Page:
The story has a definite moral, and it seemed tailor-made for the studio, but there ended up being a snag. Just a few months before, Big Idea signed with Anderson Merchandisers as their exclusive distributor for the Big Idea/VeggieTales DVDs.

Whoever was still in charge at Anderson must have still had a bad taste in their mouths over the ‘Blues Hat’ album, and killed the deal, despite this being a completely different project and different target audience. It would not have been a CDB project anyway, it would have had voice actors and animation with dad possibly doing only a voice or two, and a few new songs, but unfortunately, it was not to be.

Don't get me wrong, Anderson still orders a lot of Blue Hat CDs for their stock in Walmart stores, and that has been working extremely well in the last 6 years or so, so the relationship is good, but unfortunately, the Blues Hat album was a stumbling block for the Big Idea deal.

We’re still optimistic that we can get something happening with the kids project. Some doors are opening up now with regard to some adaptations of dad’s material, so we might be able to finally see it realized. I’d love to share it with you.

Next time, dad causes a 'Fiddle Fire!'

What do you think?

Let’s all make the day count!

Pray for our troops, our police, the Peace of Jerusalem and our nation.

God Bless America!

Check out 'Blues Hat' HERE


#BenghaziAintGoingAway #End22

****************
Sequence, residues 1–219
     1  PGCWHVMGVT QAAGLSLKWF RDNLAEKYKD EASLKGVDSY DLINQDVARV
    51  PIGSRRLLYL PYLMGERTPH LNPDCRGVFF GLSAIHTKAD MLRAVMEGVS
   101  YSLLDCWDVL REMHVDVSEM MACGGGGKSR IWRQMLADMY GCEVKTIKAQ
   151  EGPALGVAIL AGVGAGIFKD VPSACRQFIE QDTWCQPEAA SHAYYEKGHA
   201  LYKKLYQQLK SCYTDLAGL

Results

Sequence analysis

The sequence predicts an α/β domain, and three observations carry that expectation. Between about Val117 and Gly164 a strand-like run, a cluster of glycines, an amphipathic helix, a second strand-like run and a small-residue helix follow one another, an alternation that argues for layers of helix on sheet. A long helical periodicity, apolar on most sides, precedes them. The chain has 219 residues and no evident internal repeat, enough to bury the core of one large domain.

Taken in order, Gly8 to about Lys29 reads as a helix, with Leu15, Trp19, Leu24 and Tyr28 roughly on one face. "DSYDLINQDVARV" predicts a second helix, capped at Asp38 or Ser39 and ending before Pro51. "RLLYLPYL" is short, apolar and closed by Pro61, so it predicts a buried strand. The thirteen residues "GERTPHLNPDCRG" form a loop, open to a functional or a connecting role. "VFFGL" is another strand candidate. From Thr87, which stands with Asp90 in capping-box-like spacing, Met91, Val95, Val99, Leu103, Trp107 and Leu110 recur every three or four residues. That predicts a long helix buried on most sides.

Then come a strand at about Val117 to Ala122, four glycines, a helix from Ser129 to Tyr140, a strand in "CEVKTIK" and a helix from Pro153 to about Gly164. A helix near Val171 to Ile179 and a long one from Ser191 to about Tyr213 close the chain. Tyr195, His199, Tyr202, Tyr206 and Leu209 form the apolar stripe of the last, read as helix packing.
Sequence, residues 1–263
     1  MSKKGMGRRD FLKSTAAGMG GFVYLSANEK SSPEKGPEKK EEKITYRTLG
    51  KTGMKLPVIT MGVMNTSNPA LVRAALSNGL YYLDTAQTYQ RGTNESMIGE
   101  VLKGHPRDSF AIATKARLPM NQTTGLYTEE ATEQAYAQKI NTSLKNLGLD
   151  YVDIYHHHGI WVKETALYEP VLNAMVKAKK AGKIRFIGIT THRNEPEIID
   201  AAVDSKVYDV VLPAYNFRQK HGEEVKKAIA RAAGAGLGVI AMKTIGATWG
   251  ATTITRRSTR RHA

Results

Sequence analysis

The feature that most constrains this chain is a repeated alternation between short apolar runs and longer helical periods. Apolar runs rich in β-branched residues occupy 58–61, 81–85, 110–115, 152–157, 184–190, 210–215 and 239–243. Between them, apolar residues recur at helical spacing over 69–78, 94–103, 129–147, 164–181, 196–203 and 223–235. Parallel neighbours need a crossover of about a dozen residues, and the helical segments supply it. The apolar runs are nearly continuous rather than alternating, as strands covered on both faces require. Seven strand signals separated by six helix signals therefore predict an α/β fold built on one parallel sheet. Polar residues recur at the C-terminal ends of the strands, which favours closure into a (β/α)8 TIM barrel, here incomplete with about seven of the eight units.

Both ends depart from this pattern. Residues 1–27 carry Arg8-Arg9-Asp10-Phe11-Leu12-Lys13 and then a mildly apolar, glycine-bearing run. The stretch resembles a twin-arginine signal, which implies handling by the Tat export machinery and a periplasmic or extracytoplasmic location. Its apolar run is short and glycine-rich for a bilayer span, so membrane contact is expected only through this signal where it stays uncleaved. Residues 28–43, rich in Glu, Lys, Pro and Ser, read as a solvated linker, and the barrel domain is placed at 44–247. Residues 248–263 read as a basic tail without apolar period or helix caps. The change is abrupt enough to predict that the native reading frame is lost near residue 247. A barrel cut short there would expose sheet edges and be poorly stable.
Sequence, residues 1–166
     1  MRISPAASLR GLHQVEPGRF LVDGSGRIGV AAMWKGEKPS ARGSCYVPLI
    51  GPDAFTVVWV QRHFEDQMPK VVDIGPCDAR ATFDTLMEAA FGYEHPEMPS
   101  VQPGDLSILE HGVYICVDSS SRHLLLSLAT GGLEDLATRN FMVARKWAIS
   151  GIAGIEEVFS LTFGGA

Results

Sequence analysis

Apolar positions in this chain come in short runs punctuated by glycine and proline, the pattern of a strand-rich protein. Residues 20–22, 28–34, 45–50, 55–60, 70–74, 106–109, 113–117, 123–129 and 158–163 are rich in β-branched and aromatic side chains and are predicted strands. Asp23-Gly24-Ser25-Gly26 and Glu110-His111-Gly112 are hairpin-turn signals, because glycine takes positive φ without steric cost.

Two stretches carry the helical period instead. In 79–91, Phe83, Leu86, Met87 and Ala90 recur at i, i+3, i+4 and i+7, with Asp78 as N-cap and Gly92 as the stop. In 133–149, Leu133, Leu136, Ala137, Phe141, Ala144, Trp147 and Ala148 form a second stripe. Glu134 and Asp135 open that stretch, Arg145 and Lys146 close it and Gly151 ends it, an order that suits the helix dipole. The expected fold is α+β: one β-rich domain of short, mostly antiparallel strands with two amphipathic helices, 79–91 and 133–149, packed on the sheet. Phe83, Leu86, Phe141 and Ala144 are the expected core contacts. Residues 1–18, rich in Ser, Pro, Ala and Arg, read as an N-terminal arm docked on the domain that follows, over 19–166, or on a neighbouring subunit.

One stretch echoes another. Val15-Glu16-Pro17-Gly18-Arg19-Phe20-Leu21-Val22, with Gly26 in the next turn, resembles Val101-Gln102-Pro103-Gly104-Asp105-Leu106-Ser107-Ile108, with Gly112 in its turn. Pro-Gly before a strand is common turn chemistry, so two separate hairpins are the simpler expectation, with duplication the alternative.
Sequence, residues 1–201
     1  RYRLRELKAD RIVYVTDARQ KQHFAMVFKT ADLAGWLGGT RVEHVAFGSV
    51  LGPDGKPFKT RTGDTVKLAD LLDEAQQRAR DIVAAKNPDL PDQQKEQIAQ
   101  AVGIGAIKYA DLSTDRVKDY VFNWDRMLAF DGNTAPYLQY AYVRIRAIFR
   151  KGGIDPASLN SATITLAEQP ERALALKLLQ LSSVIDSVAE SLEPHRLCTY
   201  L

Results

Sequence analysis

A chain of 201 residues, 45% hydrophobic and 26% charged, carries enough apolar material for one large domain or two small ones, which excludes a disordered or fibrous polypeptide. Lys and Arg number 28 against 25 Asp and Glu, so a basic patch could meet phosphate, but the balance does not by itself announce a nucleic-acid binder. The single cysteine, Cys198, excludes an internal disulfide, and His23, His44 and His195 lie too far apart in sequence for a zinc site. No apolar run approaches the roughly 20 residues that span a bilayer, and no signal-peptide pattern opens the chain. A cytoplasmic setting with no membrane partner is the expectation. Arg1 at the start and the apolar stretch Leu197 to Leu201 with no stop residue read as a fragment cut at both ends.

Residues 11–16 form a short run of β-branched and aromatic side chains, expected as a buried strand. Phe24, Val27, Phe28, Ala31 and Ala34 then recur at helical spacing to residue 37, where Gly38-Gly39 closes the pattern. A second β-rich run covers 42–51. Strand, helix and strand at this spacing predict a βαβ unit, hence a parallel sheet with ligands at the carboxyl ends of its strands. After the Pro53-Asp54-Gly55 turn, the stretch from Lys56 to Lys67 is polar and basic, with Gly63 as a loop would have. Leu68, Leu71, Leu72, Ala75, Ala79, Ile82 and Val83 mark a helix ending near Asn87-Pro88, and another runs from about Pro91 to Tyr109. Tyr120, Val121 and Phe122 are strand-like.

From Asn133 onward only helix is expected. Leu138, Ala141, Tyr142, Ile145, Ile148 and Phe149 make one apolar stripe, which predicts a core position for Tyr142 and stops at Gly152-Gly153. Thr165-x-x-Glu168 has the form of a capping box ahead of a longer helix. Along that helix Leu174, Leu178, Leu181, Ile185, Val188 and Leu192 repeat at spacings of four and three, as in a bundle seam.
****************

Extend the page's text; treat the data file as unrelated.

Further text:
—  Charlie Daniels, Jr.



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Check Out The Charlie Daniels Podcast!

Check out "Geechi Geechi Ya Ya Blues" from Beau Weevils - 'Songs in the Key of E'




Another Classic
Amen, Amen & Amen Charlie Jr, another CDB classic, it don't matter if Charlie played, rock, country, blues, children's, or gospel he nailed it every time. Never heard of Anderson Merchandisers before, but it's just one more example of a corporation missing the boat. Walmart founder Sam Walton was a true American and supported Made In America, we need more Sam's and Charlie's around today. As usual Charlie Jr, you shed light to what really goes on behind the scenes, for which I'm eternally greatful for. keep up the good work.........nuff said, God Bless and enjoy a bodacious Thanksgiving sir , Plowboy
Posted by Plowboy
Blues Hat
Another thread to follow, for the Soap Box readers, to peek our curiosity. It makes sense that Charlie would want to do more "kids" projects after writing one of his favorite songs "Little Folks". Too bad that the "Big Idea" project never materialized. I enjoyed the few compilation projects that he was able to do for the young people. "Brothers & Old Boots" from Chipmunks in Low Places and "Can't Keep A Country Boy Down" from Tom Sawyer. A couple of fun tunes. Then promoting education and recycling. "Lets Open Up Our Hearts" from Project H.O.S.S (kids from Sam Houston Elementary Lebanon,Tn) "Yakety Yak" (Take It Back Foundation).About the need fro recycling,back in 1991. Even did a TV special, American Music Shop,featuring "Songs for kids and parents too". Nicolette Larson and Mark O'Conner with Charlie. I am sure the "Big Idea" project would have been a big hit with the kids at that time. Thanks again Charlie Jr. for :Keeping Charlie's Legavy Alive:.
Posted by RaccoonMan